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@FumbleFingers It is true that it refers to words of "shared etymology," but note that words of unshared etymology that sound similar or are spelled the same with different meanings are often called "false cognates." (Point being that cognate is still used) –  XenElement Jul 26 '13 at 4:30

http://en.wikipedia.org/wiki/List_of_French_words_and_phrases_used_by_English_speakers

In the above wikipedia article are a list of French words which have retained their original meaning and spelling. As far as I could tell, a single word or expression meaning unmodified foreign words (my definition) which have been adopted into the English language, does not exist.

(Emphasis mine)

This article, however, covers words and phrases that generally entered the lexicon later, [...] As such, they have not lost their character as Gallicisms, or words that seem unmistakably foreign and "French" to an English speaker. The phrases are given as used in English, and may seem correct modern French to English speakers, but may not be recognized as such by French speakers as many of them are now defunct or have drifted in meaning. A general rule is that, if the word or phrase retains French diacritics or is usually printed in italics, it has retained its French identity.

A similar list exists for Italian words and phrases, again these words retain their "ethnical" spelling and meaning however, their pronunciation may differ from that of Italian.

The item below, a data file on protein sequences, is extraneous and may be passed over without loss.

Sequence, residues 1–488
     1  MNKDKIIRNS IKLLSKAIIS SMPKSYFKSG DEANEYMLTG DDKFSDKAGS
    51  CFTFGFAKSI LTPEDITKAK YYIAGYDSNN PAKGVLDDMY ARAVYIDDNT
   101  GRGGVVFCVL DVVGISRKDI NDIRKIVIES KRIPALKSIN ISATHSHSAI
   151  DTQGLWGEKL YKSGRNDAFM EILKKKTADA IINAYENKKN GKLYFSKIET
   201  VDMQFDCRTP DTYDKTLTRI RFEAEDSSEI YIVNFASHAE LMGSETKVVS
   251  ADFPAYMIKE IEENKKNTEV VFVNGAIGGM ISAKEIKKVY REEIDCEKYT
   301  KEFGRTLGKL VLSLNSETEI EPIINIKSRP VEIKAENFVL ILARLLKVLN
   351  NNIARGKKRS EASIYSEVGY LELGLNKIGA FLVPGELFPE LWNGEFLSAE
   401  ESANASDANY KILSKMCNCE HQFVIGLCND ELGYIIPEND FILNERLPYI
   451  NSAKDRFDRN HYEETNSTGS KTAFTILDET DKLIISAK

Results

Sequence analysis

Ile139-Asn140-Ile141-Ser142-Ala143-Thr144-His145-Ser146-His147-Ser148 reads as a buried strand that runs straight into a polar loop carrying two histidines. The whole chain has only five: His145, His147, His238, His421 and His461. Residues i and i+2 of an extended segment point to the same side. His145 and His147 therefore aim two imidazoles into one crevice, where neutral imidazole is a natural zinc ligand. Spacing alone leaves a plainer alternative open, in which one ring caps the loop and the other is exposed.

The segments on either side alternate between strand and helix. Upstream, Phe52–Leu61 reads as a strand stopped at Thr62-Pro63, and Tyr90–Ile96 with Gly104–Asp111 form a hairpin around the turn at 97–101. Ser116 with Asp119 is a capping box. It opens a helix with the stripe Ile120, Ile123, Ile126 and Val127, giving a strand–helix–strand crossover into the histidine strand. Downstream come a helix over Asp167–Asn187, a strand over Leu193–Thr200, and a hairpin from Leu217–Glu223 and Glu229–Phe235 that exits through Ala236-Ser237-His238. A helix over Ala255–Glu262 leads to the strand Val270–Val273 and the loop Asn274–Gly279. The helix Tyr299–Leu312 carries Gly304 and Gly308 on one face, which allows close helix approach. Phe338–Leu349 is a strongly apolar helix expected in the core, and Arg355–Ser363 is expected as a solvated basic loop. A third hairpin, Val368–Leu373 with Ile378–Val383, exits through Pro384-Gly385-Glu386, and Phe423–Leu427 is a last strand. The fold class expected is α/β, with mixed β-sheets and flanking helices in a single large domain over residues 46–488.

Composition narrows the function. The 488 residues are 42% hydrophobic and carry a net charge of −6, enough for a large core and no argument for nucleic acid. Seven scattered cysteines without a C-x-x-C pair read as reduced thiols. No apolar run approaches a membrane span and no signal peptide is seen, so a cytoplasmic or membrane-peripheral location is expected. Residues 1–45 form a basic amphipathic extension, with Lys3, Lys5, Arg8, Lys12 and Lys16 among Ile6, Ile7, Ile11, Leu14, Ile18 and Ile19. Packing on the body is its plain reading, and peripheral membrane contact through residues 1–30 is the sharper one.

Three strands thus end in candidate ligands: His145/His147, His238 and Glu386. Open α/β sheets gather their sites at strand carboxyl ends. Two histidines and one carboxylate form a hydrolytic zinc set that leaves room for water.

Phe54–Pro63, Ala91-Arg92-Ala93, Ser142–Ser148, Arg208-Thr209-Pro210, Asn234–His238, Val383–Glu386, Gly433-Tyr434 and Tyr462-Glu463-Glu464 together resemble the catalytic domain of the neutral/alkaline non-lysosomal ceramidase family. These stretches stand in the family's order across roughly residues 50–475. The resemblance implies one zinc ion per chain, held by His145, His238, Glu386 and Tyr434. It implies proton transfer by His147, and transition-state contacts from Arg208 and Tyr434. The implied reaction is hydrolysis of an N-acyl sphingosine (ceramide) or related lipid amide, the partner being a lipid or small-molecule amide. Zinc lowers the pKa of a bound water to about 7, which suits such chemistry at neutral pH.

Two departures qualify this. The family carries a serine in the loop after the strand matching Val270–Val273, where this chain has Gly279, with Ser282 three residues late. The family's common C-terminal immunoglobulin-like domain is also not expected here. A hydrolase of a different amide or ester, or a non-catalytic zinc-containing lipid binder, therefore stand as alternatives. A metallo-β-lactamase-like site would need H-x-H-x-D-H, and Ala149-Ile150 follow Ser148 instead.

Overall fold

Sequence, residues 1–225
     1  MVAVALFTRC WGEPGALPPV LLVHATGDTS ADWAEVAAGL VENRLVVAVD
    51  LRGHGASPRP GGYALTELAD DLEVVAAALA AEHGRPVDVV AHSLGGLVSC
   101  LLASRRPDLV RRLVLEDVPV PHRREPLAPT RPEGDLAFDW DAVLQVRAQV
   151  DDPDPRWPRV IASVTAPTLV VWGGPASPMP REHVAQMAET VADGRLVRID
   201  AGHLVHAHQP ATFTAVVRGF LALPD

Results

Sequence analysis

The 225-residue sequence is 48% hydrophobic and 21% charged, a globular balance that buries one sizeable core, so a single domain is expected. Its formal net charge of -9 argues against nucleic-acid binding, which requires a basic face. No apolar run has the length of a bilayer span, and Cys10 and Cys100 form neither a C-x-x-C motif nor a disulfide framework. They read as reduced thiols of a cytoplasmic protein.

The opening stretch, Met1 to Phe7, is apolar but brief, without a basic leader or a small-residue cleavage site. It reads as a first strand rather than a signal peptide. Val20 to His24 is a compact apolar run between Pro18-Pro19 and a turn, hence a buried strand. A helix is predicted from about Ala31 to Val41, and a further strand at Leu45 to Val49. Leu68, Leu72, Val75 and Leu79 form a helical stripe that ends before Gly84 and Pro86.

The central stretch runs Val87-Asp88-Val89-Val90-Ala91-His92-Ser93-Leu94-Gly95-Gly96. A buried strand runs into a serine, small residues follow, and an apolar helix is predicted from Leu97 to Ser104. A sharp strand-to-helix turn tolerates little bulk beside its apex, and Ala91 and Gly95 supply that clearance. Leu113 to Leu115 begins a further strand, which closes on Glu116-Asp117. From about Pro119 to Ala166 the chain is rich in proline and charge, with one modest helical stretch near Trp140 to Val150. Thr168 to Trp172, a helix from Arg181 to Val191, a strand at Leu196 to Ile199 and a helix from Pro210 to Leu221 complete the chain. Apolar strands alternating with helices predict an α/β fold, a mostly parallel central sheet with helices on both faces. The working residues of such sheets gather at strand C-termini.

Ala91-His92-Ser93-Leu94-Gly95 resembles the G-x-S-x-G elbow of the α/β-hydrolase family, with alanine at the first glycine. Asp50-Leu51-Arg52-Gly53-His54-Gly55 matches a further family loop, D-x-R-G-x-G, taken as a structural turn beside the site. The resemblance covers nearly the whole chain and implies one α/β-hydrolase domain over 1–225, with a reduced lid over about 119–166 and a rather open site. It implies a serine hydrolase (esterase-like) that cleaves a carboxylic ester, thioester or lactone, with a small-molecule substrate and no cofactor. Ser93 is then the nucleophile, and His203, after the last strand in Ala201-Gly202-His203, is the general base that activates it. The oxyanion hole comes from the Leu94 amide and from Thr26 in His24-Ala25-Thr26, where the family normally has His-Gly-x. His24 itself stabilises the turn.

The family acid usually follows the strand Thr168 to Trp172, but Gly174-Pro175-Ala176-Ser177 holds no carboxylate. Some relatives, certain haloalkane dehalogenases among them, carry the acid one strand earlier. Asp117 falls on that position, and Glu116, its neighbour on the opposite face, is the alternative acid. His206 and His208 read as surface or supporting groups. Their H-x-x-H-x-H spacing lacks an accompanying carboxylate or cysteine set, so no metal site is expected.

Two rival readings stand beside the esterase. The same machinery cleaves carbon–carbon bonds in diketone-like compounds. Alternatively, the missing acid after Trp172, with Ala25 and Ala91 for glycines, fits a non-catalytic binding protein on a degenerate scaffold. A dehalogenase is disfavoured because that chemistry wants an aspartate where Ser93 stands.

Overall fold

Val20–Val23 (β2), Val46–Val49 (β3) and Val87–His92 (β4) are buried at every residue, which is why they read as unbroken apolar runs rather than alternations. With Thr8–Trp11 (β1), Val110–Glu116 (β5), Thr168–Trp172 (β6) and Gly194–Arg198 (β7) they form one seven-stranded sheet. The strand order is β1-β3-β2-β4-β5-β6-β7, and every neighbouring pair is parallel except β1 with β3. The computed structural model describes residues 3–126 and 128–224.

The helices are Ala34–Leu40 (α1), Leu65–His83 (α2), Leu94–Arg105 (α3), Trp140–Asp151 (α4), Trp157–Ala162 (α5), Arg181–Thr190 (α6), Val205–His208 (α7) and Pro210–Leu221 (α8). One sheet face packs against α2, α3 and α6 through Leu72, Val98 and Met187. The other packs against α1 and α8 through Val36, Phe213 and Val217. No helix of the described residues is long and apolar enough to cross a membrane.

On a side note, Loanwords or its equivalent expression lexical borrowing, expresses the concept of foreign words which were adopted and manipulated in the past and today appear and sound native-like. For example the English adjective, handy, was loaned to the German language but means mobile phone consequently "Handy" is a German noun.

EDIT:

In The Cambridge Encyclopedia of Language, (Edition 2010) David Crystal. The author states on p302

When languages have been shown to have a common ancestor, they are said to be cognate.

The clearest cases are those where the parent language is known to exist. For example, on the basis of the various words for 'father' in the Romance languages, it is possible to see how they all derived from the Latin word pater.

Examples:

Italian padre; Spanish padre; French père; Portuguese pai; Catalan pare.

on p340, Crystal talks about language changes; sound, grammatical, and semantic. Under the heading of New words and old he makes the following remarks:

In most languages the vast majority of new words are in fact borrowings from other languages [...] Borrowing proceeds in all directions, Weekend and parking have been borrowed by French from English; chic and savoir-faire have been borrowed by English from French. Some languages have borrowed so extensively that native words are in a minority